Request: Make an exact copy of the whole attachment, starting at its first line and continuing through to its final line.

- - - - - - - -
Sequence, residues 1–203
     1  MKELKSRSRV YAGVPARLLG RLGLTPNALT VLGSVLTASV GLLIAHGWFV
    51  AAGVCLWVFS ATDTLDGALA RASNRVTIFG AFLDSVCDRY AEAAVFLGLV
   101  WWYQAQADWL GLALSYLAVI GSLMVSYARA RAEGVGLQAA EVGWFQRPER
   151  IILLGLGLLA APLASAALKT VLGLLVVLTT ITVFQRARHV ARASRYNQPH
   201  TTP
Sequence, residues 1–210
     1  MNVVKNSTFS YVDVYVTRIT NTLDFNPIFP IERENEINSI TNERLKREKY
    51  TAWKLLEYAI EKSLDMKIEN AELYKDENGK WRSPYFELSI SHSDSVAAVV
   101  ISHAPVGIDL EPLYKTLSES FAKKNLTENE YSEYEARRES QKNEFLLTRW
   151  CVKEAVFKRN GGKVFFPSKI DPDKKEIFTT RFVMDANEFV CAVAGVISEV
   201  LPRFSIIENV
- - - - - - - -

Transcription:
Sequence, residues 1–203
     1  MKELKSRSRV YAGVPARLLG RLGLTPNALT VLGSVLTASV GLLIAHGWFV
    51  AAGVCLWVFS ATDTLDGALA RASNRVTIFG AFLDSVCDRY AEAAVFLGLV
   101  WWYQAQADWL GLALSYLAVI GSLMVSYARA RAEGVGLQAA EVGWFQRPER
   151  IILLGLGLLA APLASAALKT VLGLLVVLTT ITVFQRARHV ARASRYNQPH
   201  TTP
Sequence, residues 1–210
     1  MNVVKNSTFS YVDVYVTRIT NTLDFNPIFP IERENEINSI TNERLKREKY
    51  TAWKLLEYAI EKSLDMKIEN AELYKDENGK WRSPYFELSI SHSDSVAAVV
   101  ISHAPVGIDL EPLYKTLSES FAKKNLTENE YSEYEARRES QKNEFLLTRW
   151  CVKEAVFKRN GGKVFFPSKI DPDKKEIFTT RFVMDANEFV CAVAGVISEV
   201  LPRFSIIENV